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The Influence of Design on Building Cost - Introduction
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To introduce members of the public who are involved with building projects to certain of the cost implications of design variables so as to enable them to evaluate and implement a rudimentary cost benefit approach to future projects.


Let us look at a practical problem which has cropped up many times in the past and, I am sure, you have come across as well.

Buildings A and B are designed to meet the same needs i.e. both are office blocks or hotels, shops, houses, etc., yet when comparing the costs per m² of floor area, we find that Building A costs say R10,000/m² while Building B only costs R7,500/m². Further analysis shows that they have the same external and internal finishes with similar roof and floor constructions. In fact there seems no apparent reason why the rates should not be exactly the same.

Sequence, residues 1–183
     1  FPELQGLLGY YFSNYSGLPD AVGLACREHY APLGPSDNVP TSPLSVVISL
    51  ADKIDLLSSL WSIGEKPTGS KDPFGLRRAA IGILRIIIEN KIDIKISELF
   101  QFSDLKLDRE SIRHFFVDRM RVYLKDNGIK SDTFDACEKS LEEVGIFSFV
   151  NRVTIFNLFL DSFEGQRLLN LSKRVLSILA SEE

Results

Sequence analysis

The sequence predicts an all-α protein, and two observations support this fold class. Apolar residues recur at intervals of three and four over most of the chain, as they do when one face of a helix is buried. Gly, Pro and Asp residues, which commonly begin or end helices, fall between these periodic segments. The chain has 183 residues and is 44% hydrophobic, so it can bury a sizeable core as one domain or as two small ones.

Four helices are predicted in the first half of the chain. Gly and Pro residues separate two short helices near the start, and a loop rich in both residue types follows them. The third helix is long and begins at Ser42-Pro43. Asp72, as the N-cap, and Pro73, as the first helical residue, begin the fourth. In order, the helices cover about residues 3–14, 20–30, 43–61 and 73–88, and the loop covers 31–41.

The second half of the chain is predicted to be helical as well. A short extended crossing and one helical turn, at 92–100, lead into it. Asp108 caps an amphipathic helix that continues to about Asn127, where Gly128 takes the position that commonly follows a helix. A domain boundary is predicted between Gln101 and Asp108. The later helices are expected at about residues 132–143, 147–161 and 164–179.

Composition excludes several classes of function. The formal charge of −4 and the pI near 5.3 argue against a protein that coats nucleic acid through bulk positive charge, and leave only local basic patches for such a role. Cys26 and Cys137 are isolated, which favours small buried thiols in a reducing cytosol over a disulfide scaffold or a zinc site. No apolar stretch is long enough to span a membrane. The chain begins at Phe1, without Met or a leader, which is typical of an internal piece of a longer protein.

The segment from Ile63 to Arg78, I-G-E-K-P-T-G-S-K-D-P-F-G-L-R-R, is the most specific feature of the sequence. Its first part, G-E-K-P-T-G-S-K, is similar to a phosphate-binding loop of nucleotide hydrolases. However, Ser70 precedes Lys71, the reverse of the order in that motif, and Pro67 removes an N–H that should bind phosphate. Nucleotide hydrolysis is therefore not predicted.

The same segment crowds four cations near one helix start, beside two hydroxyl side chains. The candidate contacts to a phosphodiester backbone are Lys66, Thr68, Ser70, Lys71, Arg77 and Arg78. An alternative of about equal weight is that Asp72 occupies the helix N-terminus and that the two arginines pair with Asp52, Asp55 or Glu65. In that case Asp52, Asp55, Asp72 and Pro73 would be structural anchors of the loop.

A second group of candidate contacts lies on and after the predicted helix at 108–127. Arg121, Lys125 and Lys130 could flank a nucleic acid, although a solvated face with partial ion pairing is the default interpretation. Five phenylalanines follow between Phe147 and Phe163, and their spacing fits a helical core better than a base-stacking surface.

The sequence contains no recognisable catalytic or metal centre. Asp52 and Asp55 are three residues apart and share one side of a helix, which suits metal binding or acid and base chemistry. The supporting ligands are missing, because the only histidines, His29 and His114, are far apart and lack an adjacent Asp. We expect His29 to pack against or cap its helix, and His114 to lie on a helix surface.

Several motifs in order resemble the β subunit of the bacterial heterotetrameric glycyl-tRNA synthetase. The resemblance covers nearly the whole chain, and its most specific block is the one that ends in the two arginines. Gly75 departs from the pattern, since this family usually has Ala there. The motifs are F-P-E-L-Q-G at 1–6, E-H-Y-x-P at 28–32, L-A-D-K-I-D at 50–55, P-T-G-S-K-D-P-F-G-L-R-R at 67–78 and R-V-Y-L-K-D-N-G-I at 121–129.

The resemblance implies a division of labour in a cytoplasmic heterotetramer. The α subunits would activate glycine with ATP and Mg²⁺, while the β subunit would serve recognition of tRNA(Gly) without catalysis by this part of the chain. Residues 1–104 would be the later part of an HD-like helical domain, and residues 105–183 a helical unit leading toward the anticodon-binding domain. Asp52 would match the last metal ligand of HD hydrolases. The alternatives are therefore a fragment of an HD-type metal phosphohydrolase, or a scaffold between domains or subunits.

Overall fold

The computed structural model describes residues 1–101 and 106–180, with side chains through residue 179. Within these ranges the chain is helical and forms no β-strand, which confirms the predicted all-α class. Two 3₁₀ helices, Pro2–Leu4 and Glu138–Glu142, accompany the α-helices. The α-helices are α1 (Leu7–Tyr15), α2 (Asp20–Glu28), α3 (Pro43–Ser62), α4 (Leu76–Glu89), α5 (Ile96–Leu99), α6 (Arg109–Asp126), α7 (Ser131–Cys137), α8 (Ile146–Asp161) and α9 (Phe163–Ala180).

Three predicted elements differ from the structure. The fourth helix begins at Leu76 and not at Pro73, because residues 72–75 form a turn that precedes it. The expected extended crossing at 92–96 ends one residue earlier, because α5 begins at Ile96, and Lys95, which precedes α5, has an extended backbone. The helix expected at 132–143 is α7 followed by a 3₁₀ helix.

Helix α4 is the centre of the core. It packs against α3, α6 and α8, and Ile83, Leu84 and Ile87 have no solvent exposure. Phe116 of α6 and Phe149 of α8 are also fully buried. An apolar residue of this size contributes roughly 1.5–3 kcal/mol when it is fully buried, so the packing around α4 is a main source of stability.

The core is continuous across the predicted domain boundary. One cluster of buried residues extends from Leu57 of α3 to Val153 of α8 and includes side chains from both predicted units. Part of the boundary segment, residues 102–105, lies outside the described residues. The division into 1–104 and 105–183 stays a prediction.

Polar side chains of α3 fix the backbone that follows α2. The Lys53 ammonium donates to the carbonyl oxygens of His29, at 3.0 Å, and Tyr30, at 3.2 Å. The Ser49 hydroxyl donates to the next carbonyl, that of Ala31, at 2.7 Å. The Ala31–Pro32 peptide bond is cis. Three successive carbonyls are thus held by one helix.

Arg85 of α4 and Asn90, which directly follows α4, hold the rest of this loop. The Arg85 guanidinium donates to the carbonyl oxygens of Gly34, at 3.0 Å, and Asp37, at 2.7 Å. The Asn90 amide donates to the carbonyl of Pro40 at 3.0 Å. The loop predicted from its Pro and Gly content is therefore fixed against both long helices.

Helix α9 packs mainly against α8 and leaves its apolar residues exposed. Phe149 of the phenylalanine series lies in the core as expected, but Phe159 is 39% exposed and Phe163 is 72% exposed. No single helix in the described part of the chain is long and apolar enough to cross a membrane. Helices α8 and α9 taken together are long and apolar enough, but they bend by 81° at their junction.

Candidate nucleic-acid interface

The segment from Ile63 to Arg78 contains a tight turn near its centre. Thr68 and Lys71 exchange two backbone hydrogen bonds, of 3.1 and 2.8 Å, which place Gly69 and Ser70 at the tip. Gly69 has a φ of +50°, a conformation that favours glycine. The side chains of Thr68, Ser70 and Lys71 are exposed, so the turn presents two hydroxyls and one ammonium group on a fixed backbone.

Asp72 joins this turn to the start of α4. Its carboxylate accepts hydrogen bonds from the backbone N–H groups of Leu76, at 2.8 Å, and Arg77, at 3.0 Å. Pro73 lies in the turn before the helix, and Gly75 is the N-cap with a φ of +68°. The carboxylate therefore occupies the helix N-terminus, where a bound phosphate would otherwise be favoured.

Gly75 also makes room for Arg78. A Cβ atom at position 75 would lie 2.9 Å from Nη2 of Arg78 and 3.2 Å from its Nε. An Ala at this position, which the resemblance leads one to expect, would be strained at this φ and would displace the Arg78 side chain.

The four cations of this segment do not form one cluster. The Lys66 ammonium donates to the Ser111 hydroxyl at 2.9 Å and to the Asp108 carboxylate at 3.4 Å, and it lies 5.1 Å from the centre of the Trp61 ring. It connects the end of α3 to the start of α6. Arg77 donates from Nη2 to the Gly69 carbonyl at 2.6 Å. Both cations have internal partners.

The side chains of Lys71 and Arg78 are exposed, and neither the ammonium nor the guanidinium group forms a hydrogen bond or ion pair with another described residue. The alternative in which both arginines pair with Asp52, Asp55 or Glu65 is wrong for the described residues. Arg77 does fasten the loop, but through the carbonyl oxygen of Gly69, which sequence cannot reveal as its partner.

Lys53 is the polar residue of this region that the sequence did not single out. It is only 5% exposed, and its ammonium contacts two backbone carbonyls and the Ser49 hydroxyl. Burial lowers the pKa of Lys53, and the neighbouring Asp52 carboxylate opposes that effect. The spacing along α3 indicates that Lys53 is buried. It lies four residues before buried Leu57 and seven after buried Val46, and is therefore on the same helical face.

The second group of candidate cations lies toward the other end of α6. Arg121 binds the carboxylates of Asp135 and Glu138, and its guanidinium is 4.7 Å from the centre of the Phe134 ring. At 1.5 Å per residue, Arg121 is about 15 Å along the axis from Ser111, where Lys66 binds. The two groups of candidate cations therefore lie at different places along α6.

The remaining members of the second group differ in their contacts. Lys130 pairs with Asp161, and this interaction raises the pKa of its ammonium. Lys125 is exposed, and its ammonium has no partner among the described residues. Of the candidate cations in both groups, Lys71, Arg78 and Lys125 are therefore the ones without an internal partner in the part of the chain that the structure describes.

This exercise is meant as a guide to enable you to explain such discrepancies in a more meaningful way.


This method of expressing the cost of buildings is quite convenient and therefore widely used in cost comparisons and rudimentary cost planning. It is calculated by dividing the net cost of the building (excluding site works, cost of land, etc.) by the gross square metres of the building or Gross Floor Area (GFA). Typically GFA can be defined as the total floor area inside the building envelope, including the external walls, and excluding the roof.

Considerable care has however, to be taken in using costs expressed in this way to make allowance for widely differing conditions on different projects.

Let us examine some design variables which can influence our square metre rate adversely.

 Shape on Plan   Forward




Note :  Rates are reflected to illustrate significance of influence and are NOT to be taken as accurate, nor indicative of current prevailing rates!  Rates were accurate at the time of research, meaning that the variances and significance were valid at that time, and should still be accurate for comparison purposes.